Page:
Accreditation In the Federal Crosshairs
All eyes in higher education will be focused on Old Town Alexandria, Virginia on December 15th when the National Advisory Committee on Institution Quality and Integrity (NACIQI), the powerful, politically–appointed committee that advises the Secretary of Education on which accrediting associations merit his recognition as reliable authorities as to the quality of education and training.
NACIQI published a draft report) October 18th offering a wide-ranging set of ideas on accreditation and outlining a range of competing policy considerations and possible recommendations that NACIQI may make. NACIQI is considering "what is working (and not working)" including options on the gatekeeping link between accreditation and the federal aid eligibility modifying this link or removing the link.
Severing the link between Federal Aid and accreditation has been kicked around as an option since the mid-1970s, and seems to rear its head every time the HEOA comes up for renewal.
This meeting of the Committee will include an intra-Committee discussion and debate on what changes need to be made and what recommendations they will be making to the Secretary concerning the Higher Education Opportunity Act, which is supposed to be re-authorized in 2013.
The Committee’s recommendations will likely result in becoming some of the most influential ideas which, going forward, will have a profound impact on the future of accreditation and of higher education.
It is a watershed moment and deserves close attention. It is not an overstatement to assert that what the Committee ends up recommending to the Secretary will directly and significantly impact how every DETC member will be conducting its business from 2013 forward. Since the Committee has the power of controlling what accrediting groups must do, and accrediting groups have the ability to control what institutions do, the exercise in Old Town looms to be a huge event in the history of higher education in the 21st Century.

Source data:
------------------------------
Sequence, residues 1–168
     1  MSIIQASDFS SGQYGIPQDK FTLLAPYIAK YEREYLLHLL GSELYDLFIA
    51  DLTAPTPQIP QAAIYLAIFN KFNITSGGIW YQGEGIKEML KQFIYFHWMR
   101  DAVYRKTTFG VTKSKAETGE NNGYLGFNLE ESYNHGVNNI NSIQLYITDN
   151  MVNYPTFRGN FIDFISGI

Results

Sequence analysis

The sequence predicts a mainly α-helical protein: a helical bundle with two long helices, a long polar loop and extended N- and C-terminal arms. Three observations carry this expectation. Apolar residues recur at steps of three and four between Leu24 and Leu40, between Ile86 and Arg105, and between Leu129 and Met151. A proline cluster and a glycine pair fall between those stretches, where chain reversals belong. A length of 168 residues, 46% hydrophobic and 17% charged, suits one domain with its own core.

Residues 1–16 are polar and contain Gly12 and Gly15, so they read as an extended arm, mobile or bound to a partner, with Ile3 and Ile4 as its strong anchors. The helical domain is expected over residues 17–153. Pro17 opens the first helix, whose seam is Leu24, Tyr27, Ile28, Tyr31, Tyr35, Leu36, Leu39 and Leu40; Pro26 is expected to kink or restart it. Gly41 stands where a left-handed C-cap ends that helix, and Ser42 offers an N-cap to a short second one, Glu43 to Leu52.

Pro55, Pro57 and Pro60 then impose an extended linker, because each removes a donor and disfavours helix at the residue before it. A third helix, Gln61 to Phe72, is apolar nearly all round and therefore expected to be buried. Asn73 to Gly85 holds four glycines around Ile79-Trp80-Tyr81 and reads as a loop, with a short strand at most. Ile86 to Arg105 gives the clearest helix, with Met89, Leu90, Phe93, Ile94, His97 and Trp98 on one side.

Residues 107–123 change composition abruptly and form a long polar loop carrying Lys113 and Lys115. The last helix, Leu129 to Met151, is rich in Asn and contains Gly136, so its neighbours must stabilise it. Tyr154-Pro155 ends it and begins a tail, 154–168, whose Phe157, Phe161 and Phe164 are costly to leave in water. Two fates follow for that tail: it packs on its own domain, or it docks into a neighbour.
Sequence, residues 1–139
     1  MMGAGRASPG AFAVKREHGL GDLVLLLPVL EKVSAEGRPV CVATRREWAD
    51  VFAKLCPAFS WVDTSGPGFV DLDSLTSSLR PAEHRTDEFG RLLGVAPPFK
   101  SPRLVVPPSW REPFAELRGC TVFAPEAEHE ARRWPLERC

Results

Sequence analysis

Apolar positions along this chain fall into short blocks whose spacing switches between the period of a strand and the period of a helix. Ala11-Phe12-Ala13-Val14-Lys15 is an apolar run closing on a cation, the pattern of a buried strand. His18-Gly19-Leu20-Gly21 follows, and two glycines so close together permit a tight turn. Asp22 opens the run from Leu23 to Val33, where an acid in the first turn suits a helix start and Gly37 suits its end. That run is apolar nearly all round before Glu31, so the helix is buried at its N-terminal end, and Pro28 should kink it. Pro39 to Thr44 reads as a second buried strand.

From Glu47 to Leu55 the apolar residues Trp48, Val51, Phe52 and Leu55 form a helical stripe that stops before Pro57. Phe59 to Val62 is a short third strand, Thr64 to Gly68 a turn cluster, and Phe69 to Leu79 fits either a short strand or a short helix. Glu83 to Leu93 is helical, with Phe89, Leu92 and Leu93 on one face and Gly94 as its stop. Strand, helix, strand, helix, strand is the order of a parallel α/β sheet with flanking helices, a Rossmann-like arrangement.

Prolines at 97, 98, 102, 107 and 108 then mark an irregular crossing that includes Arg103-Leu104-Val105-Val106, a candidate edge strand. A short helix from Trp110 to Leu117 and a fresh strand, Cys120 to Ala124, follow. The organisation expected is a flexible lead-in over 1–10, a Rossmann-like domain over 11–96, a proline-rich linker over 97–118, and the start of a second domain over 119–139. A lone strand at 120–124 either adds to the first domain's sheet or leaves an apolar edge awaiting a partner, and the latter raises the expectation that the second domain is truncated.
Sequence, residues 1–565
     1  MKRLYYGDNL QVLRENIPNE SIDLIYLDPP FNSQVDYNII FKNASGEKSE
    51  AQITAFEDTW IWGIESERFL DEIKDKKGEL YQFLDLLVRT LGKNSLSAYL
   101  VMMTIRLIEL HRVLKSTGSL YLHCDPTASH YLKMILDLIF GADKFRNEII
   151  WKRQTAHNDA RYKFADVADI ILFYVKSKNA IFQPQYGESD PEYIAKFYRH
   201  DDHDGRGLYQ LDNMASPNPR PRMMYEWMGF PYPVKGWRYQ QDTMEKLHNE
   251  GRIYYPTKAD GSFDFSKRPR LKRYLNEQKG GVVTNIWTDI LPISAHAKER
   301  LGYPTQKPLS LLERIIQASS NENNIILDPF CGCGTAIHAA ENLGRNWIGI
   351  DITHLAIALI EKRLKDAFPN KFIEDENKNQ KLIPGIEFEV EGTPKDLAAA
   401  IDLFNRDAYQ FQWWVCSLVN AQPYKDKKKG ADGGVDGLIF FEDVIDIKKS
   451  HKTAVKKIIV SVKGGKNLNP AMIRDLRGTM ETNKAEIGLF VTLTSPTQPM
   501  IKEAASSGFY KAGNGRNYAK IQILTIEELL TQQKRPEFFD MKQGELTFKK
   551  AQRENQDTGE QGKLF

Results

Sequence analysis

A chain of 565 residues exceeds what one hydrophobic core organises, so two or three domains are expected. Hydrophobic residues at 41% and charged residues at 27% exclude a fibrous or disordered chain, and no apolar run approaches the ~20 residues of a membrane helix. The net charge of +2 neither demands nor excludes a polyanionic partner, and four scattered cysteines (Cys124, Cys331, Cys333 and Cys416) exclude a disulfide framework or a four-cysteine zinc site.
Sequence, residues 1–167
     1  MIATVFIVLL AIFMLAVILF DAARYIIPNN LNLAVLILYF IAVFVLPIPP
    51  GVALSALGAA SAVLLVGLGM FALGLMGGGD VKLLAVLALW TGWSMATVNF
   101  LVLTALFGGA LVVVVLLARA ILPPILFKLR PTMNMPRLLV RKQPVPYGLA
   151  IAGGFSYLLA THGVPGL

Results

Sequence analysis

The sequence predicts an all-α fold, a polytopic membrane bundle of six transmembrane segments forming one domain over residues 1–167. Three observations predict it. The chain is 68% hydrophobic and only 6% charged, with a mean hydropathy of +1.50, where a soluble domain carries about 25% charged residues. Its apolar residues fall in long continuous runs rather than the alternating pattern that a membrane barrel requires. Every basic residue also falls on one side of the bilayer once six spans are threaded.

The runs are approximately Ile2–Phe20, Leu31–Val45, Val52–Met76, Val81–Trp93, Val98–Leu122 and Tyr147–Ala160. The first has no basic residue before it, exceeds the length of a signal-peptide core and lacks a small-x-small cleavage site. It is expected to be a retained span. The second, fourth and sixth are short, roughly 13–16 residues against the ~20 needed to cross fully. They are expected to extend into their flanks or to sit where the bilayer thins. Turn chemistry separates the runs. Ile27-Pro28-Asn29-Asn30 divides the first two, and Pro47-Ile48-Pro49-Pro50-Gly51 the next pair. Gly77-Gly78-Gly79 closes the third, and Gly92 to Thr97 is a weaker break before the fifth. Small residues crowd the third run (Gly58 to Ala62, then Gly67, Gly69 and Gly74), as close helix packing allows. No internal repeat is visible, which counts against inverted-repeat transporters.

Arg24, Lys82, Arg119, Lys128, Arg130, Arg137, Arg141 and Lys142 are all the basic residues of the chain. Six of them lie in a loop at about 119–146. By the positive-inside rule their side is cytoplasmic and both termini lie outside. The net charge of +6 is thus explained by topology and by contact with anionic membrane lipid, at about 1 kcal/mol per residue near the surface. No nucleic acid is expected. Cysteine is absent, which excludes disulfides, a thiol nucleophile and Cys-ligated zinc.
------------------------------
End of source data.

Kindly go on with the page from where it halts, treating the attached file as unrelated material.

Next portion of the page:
For this reason, The Washington Memo thought it might be interesting to present for its readers a selection of excerpts from letters commenting on the current proposals from some key higher education associations:
"The assumption appears to be that that unless there is significant additional government direction, oversight and monitoring of the accreditation process, public accountability is not adequately addressed.
This change shifts the “ownership” of accreditation from the higher education community that established this process to government. The change shifts the definition of quality from a consideration of academic excellence to consideration of, e.g., consumer protection or efficient use of federal funds or public disclosure—all-important to be sure, but not to be confused with academic excellence. We urge NACIQI to look at both the intended and unintended consequences of any changes to accreditation regulations—as well as analyzing the potential cost in time or money for accreditors or the institutions and programs they accredit—before recommending that any of the options presented in the draft report be pursued.”
“The relationship between accreditation and the federal government should be one of balance. Accreditation should be accountable to government; however, government directing or prescribing accreditation standards is inappropriate to this balanced relationship. “Holding accreditors accountable” is about the government focusing primarily on evidence that these organizations are meeting federal recognition standards. It does not stipulate how the standards are met; this is up to the accreditor.
If we treat accreditation not as a broken enterprise but as an effective process that can and should be reviewed and modified—with the academy maintaining its leadership and working with the federal government—we strengthen accreditation’s value to students and society. We look forward to an ongoing discussion with NACIQI and USDE on these issues.”
“…there is an inherent tension between institutional improvement and Title IV gatekeepoing functions. …If the balance is tipped too far to a gatekeeping role…the result is likely to be an excessively rigid and standardized system and diminished academic input and discretion.”
“NACIQI should find a way to strike a reasonable balance among the needs of students, the needs of government, and the needs of the institutions. This may require the creation of a wholly new system of making institutions eligible for Federal Aid programs while not deforming the historic strengths of voluntary accreditation.”
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